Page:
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Antonio VIVALDI (1678 - 1741)
Le Quattro Stagioni, RVv 269, 315, 293, 297. [45.50]
Hugh Bean, solo violin; Desmond Bradley, Kenneth Moore, violins
Raymond Clarke, cello; Charles Spinks, harpsichord
New Philharmonia Orchestra/Leopold Stokowski
Recorded in Decca Studios, West Hampstead, London, UK, 11 June 1966. ADD
George Frideric HANDEL (1685 - 1759)

Messiah: (1744): Overture [3.27]; ‘Every valley shall be exalted [4.18]; ‘And the glory of the Lord [3.57]; Pastoral Symphony [4.51]; ‘Then shall the eyes of the blind be opened...; He shall feed his flock ... Come unto Him’ [8.50 ]; ‘Thy rebuke hath broken His heart ...; Behold and see if there be any sorrow’ [3.46]; ‘He was cut off out of the land of the living...; But Thou didst not leave His soul in hell’ [3.22]; ‘Why do the nations’ [5.46]; Hallelujah [4.51]; ‘I know that my Redeemer liveth’ [7.20]; ‘Since by man came death’ [2.19]; Amen [4.44]
Sheila Armstrong, soprano; Norma Procter, contralto; Kenneth Bowen, tenor
John Cameron, bass; Charles Spinks, harpsichord; Philip Ledger, organ
London Symphony Chorus/John Alldis
London Symphony Orchestra/Leopold Stokowski
Recorded Kingsway Hall, London, UK, 20 September 1966. ADD
Produced in association with the Leopold Stokowski Society
Notes in English. Photos of the artists, texts, and translations of the Vivaldi sonnets.
Previously released on Decca Phase 4 LPs
CALA CACD0538 [45:50 + 58:05]
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Comparison recordings:
Vivaldi, Four Seasons, Louis Kaufman, NYPO [OP] Concert Hall Society LP
Messiah, Scherchen, LSO & Chorus, [ADD] Archipel ARPCD 0255-3
Messiah, Somary, ECO, Amor Artis Chorale [ADD] Vanguard OVC 4018/9

When I saw these recordings announced my first horrified thought was, "What new violence is Stokowski going to wreak upon these baroque masterpieces?" I had never forgiven him for what he had done to the Bach Brandenburg Concerto #5, nor ceased to be amazed at how he could get those musicians who obviously knew better to go along with him.

Well, I needn’t have worried. Stokowski was perfectly capable of beating time straight off if that was what was called for, and that’s mostly what he did here. True, he has extended and deepened some of the ritardandos and encouraged the soloists to more expressive rubato than one usually hears, and incidentally led the orchestra to accompany them with great sympathy. However these are performances that would have been accepted as quite unexceptional in the 1950s.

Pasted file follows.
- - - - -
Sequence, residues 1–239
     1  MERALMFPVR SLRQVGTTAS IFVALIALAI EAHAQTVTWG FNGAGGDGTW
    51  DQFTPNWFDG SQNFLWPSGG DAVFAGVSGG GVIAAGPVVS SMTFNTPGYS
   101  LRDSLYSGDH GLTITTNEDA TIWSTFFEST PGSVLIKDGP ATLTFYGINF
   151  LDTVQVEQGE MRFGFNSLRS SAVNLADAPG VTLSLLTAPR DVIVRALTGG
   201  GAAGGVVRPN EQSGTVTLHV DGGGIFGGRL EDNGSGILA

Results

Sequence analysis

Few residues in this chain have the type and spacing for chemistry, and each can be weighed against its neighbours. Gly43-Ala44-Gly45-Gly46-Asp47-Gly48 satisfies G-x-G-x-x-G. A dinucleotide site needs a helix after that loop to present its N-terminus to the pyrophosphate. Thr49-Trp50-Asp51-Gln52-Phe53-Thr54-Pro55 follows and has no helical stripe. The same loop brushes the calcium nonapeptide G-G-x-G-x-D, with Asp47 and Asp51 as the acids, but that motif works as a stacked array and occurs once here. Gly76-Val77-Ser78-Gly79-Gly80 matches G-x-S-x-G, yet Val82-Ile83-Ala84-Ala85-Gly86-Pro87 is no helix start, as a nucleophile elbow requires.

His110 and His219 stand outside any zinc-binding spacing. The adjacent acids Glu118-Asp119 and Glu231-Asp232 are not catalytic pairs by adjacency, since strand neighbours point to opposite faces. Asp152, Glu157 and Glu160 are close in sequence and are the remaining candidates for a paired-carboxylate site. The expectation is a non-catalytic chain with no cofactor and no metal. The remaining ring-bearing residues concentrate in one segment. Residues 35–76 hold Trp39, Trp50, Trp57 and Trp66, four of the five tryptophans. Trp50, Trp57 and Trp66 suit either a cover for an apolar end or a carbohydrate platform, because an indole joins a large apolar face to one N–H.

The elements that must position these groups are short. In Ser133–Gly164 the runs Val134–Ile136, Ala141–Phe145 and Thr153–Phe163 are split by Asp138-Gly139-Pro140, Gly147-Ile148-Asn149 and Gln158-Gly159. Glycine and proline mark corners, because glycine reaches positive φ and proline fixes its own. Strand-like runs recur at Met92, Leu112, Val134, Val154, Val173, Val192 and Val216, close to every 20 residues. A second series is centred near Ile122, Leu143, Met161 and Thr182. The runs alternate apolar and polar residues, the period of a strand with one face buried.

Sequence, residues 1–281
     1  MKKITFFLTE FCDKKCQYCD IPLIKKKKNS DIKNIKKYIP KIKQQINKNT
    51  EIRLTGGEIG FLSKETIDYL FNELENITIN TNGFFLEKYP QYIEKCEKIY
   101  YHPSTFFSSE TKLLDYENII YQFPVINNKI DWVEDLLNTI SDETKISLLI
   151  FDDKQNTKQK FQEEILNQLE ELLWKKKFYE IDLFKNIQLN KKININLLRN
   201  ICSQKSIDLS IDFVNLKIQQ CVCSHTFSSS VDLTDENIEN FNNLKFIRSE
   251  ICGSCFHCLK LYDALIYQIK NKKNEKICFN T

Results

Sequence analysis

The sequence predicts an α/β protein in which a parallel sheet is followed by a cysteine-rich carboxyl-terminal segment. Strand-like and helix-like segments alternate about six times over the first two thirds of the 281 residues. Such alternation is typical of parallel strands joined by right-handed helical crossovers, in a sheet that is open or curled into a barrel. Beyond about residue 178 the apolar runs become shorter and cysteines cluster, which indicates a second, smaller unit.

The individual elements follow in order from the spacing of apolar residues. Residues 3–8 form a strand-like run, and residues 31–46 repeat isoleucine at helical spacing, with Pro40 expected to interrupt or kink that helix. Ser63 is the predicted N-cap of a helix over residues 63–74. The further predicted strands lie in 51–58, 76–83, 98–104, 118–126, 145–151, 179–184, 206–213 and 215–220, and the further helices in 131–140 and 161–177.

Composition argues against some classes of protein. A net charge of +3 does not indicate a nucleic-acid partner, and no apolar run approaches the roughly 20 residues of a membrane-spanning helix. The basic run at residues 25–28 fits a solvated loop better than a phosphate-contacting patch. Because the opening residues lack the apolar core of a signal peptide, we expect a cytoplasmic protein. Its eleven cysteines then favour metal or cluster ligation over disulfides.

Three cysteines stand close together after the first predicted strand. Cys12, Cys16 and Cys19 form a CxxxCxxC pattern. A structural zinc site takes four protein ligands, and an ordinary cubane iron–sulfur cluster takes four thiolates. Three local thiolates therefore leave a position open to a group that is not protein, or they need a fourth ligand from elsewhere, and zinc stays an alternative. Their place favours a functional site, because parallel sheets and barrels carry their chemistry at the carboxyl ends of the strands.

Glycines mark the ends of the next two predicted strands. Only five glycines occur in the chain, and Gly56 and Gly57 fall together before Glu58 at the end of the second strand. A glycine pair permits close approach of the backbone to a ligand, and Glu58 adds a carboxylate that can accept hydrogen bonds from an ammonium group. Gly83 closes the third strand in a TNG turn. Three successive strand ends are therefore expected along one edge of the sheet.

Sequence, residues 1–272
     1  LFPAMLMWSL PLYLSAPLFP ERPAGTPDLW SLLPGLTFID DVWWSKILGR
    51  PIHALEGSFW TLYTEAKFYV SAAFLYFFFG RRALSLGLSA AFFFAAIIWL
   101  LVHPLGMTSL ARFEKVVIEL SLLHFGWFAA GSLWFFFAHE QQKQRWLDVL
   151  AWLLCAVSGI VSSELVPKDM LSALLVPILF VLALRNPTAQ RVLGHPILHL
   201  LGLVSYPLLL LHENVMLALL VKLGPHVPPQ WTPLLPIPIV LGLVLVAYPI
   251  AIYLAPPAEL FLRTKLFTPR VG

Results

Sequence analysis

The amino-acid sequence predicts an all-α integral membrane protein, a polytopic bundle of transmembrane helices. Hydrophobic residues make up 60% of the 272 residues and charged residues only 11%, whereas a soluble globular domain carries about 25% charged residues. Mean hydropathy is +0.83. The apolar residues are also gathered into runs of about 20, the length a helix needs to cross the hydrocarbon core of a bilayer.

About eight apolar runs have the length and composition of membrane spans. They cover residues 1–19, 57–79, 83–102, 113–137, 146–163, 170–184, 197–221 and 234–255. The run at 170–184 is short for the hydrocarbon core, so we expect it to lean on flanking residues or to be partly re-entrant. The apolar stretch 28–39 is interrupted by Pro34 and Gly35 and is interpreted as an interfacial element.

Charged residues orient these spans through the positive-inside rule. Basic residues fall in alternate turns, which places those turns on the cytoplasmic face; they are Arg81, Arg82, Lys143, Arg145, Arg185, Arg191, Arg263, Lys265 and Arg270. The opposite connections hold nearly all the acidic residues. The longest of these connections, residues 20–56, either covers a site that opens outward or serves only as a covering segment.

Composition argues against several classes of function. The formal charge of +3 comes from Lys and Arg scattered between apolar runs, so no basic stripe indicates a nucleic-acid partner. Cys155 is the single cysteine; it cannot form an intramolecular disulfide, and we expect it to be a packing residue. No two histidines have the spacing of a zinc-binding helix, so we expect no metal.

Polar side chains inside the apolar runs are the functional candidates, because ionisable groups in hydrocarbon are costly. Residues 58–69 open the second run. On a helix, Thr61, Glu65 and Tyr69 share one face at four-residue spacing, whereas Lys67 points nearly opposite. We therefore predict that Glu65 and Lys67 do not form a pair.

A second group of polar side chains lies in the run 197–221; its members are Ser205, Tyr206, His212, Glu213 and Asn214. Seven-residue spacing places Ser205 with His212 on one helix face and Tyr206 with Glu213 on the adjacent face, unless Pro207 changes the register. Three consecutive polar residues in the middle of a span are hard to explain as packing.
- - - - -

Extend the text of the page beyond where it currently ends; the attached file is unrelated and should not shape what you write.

Indeed, the famous "first" recording of the Four Seasons with Louis Kaufman made in the 1950s is very similar to this one in style. The major reviewers of the time agree with me that this Stokowski version is one of the most listenable versions of the Four Seasons ever made. Remastered here in 96kHz/24Bit sound the orchestra string tone is beautiful, unlike the earlier Scheharazade recording (CALA CACD 0536) where I was rebuked by several friends for not warning them in my review how harsh the strings sounded. I confess: in regard to that recording I was begeistered and not able to offer sensible criticism. But I am now fully awake.

Comparing Hermann Scherchen’s 1953 recording of Messiah, on many lists as the best recording ever made, with members of the LPO only 13 years previous to this one is also interesting. The Scherchen recording was one of the first salvos to be fired in the Original Instrument/Original Performance Practice revolution. Stokowski’s orchestra and chorus are so disciplined that they don’t sound greatly oversized even in comparison to the Scherchen version which was shockingly under-staffed by contemporary standards. But Stokowski does strive for grandeur and mostly returns to the tempi of his childhood recollection, or perhaps at least of his immediately previous performance of Messiah — in Cincinnati, Ohio, USA, in 1909. The soloists are all in good voice, but all sound "churchy" and none of these arias is greatly memorable, although Sheila Armstrong’s Redeemer is pretty good. The choruses tend mostly to be slow and grand, the result being a rather undistinguished performance overall, perhaps excepting the ‘Pastoral Symphony’ which is pure lush Stokowski larghissimo string tone, if you like that sort of thing.

Somary’s Messiah recording made four years later in Wembley Town Hall, London, uses smaller forces and faster tempi, but still has a little romantic spirit about it and is in fact my preferred complete stereo version.

If Handel was so upset at the nations furiously raging together in 1744, it’s merciful he didn’t live to see the next 68 years. He died thinking of Colonel George Washington as a loyal servant of the King.

Paul Shoemaker

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